“Sometimes you have to use an Arduino UNO, instead of something more efficient like an Arduino Pro Mini — maybe you’re using an Arduino shield…
Sometimes you have to run that same project from battery power, and every milliAmp counts…
Sometimes that means that you’ll have to adjust the UNO to be much more power efficient, so you pick up a sharp scalpel, bring over the big loupe, and warm up the fine tipped soldering iron…
The post formed part of development work performed for the Environment Agency. It has been re-published here with their kind permission, as part of the project commitment to open source development.
The Arduino UNO is designed as a development board, instead of a specific low power device, it is built with several design choices that mean it uses more power that the minimum necessary.
To reduce the overall power usage of the Arduino UNO board significantly:
replace the linear regulator with a DC-DC converter,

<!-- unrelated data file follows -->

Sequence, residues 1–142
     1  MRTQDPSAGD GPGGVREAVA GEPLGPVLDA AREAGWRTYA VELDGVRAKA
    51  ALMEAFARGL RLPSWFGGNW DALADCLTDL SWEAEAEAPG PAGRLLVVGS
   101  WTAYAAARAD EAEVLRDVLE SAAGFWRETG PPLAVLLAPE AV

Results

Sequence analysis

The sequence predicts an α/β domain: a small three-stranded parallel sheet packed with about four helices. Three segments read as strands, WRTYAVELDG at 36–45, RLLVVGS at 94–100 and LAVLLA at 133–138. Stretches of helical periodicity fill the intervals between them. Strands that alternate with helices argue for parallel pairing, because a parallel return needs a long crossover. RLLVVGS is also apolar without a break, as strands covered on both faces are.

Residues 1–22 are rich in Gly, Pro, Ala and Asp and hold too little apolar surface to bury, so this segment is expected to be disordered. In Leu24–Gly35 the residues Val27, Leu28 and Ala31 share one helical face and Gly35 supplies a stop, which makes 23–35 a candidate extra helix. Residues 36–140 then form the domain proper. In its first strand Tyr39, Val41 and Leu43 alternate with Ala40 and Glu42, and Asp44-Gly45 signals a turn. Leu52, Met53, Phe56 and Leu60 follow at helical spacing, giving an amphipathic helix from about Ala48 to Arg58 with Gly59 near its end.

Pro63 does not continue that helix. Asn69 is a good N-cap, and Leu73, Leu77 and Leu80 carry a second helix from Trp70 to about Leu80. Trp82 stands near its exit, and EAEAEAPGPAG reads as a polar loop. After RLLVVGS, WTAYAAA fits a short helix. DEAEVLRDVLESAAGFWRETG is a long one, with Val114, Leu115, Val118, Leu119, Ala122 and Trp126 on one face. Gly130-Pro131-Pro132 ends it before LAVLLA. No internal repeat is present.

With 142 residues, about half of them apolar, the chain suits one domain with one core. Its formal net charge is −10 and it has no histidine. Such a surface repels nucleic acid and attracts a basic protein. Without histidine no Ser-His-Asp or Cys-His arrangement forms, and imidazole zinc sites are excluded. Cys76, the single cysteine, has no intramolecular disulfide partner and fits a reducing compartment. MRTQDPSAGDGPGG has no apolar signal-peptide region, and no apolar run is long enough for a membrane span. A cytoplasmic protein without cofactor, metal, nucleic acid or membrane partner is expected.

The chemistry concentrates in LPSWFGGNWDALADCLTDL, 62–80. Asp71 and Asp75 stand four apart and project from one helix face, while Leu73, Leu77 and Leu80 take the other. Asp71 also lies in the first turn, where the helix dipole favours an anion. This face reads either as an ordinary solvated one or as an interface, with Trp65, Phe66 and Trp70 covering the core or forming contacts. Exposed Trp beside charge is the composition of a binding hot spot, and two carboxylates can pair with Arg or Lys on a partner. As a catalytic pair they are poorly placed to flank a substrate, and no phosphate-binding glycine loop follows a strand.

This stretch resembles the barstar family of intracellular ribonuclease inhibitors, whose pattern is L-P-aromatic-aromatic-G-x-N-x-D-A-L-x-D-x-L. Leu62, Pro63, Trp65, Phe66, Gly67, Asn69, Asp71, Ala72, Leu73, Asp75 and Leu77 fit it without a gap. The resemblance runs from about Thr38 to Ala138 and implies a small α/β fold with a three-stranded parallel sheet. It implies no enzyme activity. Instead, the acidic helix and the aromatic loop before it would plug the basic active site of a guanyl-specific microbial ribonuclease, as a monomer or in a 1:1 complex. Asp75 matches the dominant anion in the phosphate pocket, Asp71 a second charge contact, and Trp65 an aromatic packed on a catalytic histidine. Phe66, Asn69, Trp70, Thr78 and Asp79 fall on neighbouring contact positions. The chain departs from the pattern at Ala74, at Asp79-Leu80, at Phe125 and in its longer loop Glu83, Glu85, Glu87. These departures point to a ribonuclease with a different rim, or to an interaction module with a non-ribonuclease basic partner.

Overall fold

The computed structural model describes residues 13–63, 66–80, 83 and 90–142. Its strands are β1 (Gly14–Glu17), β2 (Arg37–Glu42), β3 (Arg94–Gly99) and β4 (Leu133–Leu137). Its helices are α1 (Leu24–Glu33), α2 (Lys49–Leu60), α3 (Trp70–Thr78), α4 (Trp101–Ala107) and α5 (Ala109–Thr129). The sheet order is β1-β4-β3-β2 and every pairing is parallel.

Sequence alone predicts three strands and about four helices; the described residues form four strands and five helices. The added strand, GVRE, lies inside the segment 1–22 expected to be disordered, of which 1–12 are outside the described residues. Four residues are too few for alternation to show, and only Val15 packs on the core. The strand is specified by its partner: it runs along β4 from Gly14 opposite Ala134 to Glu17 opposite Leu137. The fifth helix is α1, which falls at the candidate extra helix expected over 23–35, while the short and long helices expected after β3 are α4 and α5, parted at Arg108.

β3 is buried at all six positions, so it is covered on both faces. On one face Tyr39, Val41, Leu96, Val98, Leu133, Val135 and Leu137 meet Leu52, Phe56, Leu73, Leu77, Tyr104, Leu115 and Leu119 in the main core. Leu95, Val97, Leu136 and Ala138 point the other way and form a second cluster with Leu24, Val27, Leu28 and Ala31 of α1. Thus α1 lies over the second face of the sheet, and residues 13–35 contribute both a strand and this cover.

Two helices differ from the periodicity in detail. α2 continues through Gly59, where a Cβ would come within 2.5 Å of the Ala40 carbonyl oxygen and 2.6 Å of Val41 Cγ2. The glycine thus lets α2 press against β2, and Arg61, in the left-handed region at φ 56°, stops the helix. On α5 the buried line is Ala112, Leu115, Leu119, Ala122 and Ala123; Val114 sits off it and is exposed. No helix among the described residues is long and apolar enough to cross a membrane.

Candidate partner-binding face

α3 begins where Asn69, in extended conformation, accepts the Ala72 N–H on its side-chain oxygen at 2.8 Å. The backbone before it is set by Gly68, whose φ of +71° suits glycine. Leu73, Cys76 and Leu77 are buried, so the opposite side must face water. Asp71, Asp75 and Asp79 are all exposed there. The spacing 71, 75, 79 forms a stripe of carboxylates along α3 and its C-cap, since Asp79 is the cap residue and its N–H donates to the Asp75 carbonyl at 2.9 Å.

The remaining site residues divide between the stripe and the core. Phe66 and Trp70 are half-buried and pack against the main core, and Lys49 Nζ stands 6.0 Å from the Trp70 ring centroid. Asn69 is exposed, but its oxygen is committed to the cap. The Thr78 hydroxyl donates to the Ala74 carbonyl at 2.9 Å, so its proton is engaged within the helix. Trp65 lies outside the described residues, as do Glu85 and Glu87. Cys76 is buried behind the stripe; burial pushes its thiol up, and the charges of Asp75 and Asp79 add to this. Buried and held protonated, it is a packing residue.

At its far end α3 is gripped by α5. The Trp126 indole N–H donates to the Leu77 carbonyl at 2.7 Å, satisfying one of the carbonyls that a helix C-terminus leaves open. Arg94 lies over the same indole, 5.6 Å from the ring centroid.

adjust the USB-to-Serial circuit so it’s only powered from the USB port,
cut out (or desolder) the always-on LED’s on the board,
use the processor sleep mode.
Using on-board circuit changes, selective replacement of components and the use of microcontroller sleep mode can reduce the continuous idle power usage of an Arduino UNO to only 5% of the default draw.
Experimental Set Up
Current measurements were made using the blink sketch that forms part of the standard Arduino Optiboot bootloader. This ensures the results are comparable across any board, and may be tested on other controllers using the default sketch. Additionally, a blink sketch is available in the examples provided with the Arduino IDE, and can be loaded on to a board without any additional software libraries.
Current measurements were all made the same way, with the same equipment. A “µCurrent Gold” was inserted between the 12V supply and the DC jack on the Arduino UNO on the 12V line. The same DC supply was used for all tests, a PowerPax SW4298D 12V, 2A mains to DC supply.
The µCurrent Gold is a precision current adaptor converts the current measurement across a sense resistor and amplifies the voltage to provide very accurate measurements (±0.1%) with very low voltage drop on the input (20µV/mA) to minimise the supply change. The output signal is 1mV/mA, so it can be read manually as milliAmps with a multimeter on the milliVolts range.
Initial readings were taken over several cycles and averaged to give a single value, and values are given for both the built-in LED off and LED on condition during the LED blink sketch.”